I can see clearly now

Isaac doing his best Joe 90 impression

Retro NHS glassesOne thing’s for sure: Heather didn’t marry me for my genes. I’m asthmatic, diabetic, prone to skin problems and so short-sighted I make Mr Magoo look like he had 20/20 vision. So, particularly given that she wears glasses too, it was only a matter of time before Isaac followed suit.

Me and my glasses

I’ve worn glasses since I was about seven. Back then, I was the first kid in my class to wear those horrible thick-set NHS glasses (like the ones above). I can still remember what it was like in those weeks and months before I got my first pair. Struggling to read words written on the blackboard. Not being able to pick out faces across the school playground. Everything being ever so slightly out of focus.

I also remember what it was like in those weeks and months after I started wearing glasses, being subjected to taunts of “four eyes” with the kind of thoughtless cruelty only a child (or a psychopath, or a psychopathic child) can apply. There were days I went home in tears and wished I could go back to not wearing them.

Nowadays, of course, having worn glasses every day for over 35 years, my glasses feel as much a part of me as my fingers, toes and protruding muffin-top. I take comfort in the fact that I can constantly see the edges of my frames in my peripheral vision. When I briefly flirted with contact lenses in my mid-20s I hated the experience: without the comforting weight and visibility of my frames I felt almost naked. My glasses are an integral part of my identity, to the extent that when I look at myself in the mirror without them I can barely recognise myself. They’re just me.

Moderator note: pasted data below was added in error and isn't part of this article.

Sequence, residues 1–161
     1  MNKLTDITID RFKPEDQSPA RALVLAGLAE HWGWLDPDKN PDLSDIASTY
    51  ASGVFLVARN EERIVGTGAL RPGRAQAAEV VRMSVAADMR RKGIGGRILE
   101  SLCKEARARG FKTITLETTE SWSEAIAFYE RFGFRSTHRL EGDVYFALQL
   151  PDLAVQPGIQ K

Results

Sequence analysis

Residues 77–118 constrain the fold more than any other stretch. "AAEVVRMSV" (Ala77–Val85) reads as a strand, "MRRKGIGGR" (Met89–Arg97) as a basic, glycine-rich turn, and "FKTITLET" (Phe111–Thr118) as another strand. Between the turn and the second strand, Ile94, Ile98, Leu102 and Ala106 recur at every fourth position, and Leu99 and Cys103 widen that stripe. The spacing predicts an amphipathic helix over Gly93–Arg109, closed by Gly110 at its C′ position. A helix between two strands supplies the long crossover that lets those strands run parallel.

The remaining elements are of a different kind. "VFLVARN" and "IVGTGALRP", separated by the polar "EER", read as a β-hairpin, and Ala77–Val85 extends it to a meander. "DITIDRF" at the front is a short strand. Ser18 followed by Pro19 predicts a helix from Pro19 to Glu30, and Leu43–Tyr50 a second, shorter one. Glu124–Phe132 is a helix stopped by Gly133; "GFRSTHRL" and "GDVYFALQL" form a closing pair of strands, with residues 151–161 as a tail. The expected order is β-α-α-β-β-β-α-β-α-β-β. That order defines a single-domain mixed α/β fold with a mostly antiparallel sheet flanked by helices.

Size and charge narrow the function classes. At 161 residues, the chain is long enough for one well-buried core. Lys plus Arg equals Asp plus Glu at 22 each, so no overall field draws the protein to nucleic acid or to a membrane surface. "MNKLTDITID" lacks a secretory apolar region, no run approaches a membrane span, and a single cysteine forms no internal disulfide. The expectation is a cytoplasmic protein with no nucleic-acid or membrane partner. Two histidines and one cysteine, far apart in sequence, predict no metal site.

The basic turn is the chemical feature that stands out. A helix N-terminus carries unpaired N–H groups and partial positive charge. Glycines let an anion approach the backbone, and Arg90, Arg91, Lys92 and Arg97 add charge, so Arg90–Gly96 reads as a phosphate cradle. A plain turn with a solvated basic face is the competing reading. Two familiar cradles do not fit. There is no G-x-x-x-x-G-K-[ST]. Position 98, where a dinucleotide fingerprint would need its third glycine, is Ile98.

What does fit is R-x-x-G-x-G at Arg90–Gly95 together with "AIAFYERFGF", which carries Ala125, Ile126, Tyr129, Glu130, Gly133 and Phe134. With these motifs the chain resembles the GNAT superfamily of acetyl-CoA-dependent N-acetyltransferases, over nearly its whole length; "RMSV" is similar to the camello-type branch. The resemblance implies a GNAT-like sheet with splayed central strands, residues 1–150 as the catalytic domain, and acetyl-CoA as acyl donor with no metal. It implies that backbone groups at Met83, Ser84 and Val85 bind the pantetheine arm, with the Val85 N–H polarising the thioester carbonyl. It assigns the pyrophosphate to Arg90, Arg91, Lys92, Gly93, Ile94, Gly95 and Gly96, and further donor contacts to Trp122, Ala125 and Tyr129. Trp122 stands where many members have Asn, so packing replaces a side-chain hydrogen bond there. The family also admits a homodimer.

Isaac doing his best Joe 90 impression
Isaac doing his best Joe 90 impression

Isaac and his new accessory

We suspected that Isaac’s eyesight was beginning to deteriorate around Christmas-time when, for example, it became increasingly obvious that he preferred to sit closer and closer to the TV. So it was no surprise that when Heather took him to have his eyes tested recently he was diagnosed as being short-sighted.

Thankfully, things are very different for Isaac. For one thing, despite being only five, he is far from being the first child in his class to wear glasses (he’s the fifth). Then there’s the fact that he has been fascinated by glasses for ages. One of his favourite activities whenever I used to take him to Tesco to have a babyccino in the in-store Costa would be to stop at the opticians and try on various frames, assessing how good they looked on him in the mirror. I explained to him at least 18 months ago why I wear glasses and how they help me to see better, so there’s nothing new or scary about them for him.

Indeed, when he was told that he would need to wear glasses, he was thrilled at the prospect, carefully picking out some frames which suited him and being actively disappointed when he realised he wouldn’t be able to wear them straight away. However, he finally got them yesterday and promptly spent the entire afternoon carefully and gleefully putting them on and taking them off like some kind of favourite new trinket.

In some ways I’m a little sad that I’ve passed on one of my own imperfections to him so early in his life – sorry, kiddo – but I’m so pleased he doesn’t see his new glasses as a negative thing. On the contrary, he genuinely seems to like them. I’m also quietly pleased that he’s in a school environment where glasses are commonplace enough for him not to stand out in the crowd, which hopefully means he won’t be subject to the teasing I endured.

Finally, I suppose Isaac’s new glasses are yet another reminder of how quickly he’s growing up. Without glasses, he has always looked like a serious and studious little boy. With them, he now looks like a serious and studious big boy. My elder son is becoming more like his father in so many ways. I just hope that I’ve managed to pass on some of the good stuff as well as the bad stuff.